It seems that some people can't help but look for the dark lining in the silver clouds - finding negatives within what is generally regarded as good news.
Higher prices for corn resulting from ethanol have generated laments about the higher prices for livestock and subsequently for meat. Now an Iowa State University expert is warning about the environmental impact of ethanol production.
Rick Cruse, director of Iowa State University's Iowa Water Center, said decisions on how to grow corn to make ethanol will dictate whether the biofuels industry becomes an ecological disaster.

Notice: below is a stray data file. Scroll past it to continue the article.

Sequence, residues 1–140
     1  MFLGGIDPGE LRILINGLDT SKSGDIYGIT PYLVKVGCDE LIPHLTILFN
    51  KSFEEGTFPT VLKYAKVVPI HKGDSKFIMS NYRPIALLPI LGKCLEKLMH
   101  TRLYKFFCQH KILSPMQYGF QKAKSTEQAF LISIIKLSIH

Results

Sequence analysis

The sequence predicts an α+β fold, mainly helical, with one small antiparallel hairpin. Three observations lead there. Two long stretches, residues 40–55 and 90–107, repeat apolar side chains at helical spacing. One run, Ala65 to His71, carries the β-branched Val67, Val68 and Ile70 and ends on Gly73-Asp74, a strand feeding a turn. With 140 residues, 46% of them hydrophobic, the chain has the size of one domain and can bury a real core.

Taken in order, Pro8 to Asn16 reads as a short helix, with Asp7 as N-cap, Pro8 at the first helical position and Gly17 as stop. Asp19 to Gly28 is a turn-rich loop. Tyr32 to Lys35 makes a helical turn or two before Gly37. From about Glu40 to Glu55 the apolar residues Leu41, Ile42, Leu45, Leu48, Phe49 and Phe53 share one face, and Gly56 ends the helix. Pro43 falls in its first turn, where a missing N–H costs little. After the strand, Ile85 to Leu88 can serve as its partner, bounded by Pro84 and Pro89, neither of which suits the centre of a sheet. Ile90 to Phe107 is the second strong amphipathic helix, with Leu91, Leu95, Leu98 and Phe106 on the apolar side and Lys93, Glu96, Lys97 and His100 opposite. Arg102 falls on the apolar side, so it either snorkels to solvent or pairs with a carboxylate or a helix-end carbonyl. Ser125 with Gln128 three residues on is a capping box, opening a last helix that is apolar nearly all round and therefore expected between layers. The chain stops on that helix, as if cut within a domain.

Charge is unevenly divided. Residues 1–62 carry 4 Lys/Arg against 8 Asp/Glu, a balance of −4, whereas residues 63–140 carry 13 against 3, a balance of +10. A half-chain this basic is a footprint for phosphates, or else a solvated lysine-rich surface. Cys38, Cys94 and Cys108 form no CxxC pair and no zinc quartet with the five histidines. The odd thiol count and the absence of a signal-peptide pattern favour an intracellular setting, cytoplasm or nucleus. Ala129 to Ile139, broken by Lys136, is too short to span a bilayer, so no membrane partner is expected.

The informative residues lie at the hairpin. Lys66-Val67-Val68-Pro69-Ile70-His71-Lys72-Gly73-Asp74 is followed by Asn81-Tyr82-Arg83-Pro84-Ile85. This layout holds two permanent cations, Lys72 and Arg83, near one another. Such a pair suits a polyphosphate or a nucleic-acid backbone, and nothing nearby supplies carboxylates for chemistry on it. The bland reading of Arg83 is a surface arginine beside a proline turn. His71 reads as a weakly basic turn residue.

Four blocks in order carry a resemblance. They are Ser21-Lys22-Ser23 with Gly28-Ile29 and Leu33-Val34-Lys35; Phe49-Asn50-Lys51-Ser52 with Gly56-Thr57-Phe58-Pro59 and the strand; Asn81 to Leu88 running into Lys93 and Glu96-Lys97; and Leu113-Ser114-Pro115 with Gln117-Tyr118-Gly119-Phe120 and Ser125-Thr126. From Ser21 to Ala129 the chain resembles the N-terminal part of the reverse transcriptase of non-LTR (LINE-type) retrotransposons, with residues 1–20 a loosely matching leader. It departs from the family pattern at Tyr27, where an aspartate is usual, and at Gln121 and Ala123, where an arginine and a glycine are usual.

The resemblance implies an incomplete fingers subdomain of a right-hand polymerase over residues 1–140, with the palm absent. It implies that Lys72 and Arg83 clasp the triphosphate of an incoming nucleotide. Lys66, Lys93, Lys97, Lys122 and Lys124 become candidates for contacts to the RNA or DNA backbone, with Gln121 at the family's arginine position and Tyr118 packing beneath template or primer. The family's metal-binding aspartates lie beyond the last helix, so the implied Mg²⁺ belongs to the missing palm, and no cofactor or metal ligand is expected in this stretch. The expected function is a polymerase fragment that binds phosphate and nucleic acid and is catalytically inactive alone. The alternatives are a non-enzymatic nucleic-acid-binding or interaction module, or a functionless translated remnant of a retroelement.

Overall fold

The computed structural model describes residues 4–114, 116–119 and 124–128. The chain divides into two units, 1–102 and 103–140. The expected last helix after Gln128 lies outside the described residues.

There may be some validity in a warning against going too far in converting farm material to ethanol. Even the cornstalks are potential sources for conversion in a cellulosic production system, which is not currently in widespread use but is being explored.
Cruse warned that without some plant material being returned to the soil, problems occur with erosion and soil deterioration.
Other environmental dangers are posed by the fact that the price of corn encourages maximum planting rather than conservation practices. Such practices potentially take small amounts out of production to adequately filter runoff and avoid erosion.
Yes, we encourage sound conservation practices, but we still think that there is more to celebrate than to worry about in the improved market for corn and soybeans due to energy production.